Kara Lily Hayworth: ‘I auditioned for Cilla as I’m about the right height – and I’m ginger’
Kara Lily Hayworth was plucked from 2,000 hopefuls to star in a Cilla Black musical. She tells Catherine Jones about her first break as Annie, meeting Cilla herself and opening in the Scottie Road songbird’s home town.
Kara Lily Hayworth, a performer with vibrant red hair and a singing voice that packs a powerful punch, has landed the role of her life: the lead in a major new musical about Cilla Black.
But if headlining a new show for the first time wasn’t enough pressure, the Buckinghamshire-born actor makes her debut performance on September 7 as one of Liverpool’s favourite daughters at the city’s Empire Theatre. Anticipation from the audience is likely to be at fever pitch.
She seems remarkably unflustered as we meet in a break from rehearsals ahead of her debut, confident she can convince the home crowd she’s the Scottie Road songbird, right down to Black’s distinctive Liverpudlian tones.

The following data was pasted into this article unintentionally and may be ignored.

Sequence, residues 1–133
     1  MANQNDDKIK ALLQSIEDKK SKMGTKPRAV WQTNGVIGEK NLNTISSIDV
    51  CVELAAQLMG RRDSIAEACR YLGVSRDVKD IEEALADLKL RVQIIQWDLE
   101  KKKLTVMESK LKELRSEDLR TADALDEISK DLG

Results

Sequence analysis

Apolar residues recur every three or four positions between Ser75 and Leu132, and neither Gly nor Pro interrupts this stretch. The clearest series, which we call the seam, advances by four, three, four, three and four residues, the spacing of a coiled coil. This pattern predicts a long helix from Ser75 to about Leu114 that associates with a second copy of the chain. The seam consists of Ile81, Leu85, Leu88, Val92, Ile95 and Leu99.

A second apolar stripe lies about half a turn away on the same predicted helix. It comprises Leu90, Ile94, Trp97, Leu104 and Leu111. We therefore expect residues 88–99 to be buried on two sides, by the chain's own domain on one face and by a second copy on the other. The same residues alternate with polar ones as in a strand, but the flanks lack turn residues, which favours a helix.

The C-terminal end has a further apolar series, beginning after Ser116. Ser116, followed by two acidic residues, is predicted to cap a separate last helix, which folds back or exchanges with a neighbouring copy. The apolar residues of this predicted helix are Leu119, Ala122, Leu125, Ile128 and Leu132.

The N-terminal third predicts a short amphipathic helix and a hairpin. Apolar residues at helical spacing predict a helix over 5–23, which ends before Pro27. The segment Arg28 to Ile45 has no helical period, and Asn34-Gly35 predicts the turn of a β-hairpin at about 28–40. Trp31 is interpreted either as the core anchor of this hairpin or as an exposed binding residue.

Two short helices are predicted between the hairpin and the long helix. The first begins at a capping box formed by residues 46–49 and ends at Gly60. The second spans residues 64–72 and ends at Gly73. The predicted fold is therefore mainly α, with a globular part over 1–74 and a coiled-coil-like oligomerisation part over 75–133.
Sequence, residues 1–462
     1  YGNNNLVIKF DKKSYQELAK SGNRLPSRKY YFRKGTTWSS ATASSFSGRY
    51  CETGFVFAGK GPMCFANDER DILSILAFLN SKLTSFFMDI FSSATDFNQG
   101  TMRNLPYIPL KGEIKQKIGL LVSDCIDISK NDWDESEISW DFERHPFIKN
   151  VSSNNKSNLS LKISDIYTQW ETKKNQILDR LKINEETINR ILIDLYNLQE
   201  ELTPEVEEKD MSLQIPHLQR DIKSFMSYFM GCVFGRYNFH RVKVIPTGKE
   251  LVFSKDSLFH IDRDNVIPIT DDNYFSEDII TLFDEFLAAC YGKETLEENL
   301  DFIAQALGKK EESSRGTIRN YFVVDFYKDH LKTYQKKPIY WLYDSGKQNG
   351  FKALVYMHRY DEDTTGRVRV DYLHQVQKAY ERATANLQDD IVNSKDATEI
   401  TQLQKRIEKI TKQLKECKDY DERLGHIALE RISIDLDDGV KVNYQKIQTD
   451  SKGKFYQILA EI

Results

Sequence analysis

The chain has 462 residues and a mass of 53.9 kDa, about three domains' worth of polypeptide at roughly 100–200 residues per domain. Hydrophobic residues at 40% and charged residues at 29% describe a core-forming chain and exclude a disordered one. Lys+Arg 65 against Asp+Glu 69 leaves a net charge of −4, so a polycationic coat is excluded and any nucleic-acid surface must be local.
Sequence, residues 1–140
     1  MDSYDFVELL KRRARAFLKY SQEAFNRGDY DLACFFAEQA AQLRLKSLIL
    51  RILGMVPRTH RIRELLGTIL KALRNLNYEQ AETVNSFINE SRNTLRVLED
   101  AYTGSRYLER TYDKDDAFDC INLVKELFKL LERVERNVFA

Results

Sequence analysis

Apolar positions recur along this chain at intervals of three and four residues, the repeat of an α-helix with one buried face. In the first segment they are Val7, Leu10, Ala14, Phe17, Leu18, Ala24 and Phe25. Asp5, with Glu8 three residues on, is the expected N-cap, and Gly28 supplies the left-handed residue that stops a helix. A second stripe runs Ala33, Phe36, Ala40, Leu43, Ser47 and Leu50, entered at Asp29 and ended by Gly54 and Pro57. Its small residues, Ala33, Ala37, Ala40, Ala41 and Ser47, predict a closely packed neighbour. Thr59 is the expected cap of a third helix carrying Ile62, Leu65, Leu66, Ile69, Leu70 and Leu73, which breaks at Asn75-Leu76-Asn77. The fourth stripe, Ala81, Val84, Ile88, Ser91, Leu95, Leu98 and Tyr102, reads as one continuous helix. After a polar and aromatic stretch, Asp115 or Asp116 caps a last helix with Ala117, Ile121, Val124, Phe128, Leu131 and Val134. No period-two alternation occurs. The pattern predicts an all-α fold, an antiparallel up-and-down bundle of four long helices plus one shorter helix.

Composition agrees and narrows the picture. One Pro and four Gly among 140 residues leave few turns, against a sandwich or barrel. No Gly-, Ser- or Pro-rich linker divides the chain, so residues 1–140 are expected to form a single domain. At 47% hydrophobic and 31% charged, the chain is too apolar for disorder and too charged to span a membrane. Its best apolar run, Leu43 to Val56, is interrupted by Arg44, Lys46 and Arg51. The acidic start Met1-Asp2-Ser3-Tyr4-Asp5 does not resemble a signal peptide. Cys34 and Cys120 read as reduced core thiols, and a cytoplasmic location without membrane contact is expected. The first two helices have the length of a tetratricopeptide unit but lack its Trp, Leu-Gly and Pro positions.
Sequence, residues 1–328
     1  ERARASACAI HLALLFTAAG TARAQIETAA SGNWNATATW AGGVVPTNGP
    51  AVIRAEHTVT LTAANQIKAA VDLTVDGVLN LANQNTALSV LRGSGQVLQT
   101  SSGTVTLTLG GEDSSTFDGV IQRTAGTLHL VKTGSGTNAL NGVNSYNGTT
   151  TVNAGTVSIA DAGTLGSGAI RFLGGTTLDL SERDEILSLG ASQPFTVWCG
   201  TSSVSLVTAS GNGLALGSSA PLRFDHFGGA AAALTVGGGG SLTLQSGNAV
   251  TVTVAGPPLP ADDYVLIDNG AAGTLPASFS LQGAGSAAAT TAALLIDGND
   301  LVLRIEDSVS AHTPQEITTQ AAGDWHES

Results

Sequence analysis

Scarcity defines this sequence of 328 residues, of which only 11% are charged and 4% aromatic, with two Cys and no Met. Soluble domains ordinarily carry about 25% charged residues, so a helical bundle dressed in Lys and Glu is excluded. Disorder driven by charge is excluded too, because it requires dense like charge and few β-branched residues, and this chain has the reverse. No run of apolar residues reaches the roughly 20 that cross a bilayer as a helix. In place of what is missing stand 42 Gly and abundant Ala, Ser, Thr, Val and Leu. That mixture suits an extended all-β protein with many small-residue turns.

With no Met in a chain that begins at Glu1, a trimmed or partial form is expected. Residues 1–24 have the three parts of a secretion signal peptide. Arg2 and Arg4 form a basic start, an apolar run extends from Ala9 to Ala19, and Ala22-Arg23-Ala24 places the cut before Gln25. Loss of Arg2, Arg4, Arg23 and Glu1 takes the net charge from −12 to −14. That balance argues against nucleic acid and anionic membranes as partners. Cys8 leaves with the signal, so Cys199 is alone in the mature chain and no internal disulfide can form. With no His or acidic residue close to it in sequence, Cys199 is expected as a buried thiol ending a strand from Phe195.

“I really hope so,” she says. “I’ve been practising and listening to tons of recordings. I’ve always had quite a good ear for accents, so actually it’s a real treat to do it.”
She describes Black’s story of rising to fame as “inspirational” and “magical”, but her own isn’t bad. The star of Cilla the Musical was plucked from obscurity during open auditions in May, which attracted 2,000 hopefuls. After opening in Liverpool it heads around the UK, marking the first time Hayworth has been on tour.
“To be chosen to play Cilla is such an honour and I’m so excited to take on the role. To open in her home town of Liverpool is so special and a real privilege.”
Hayworth queued for four hours at London’s Dominion Theatre during the first round, making it through to the final 30 with her final audition coming at the Cavern Club in Liverpool, the venue where Black made her name.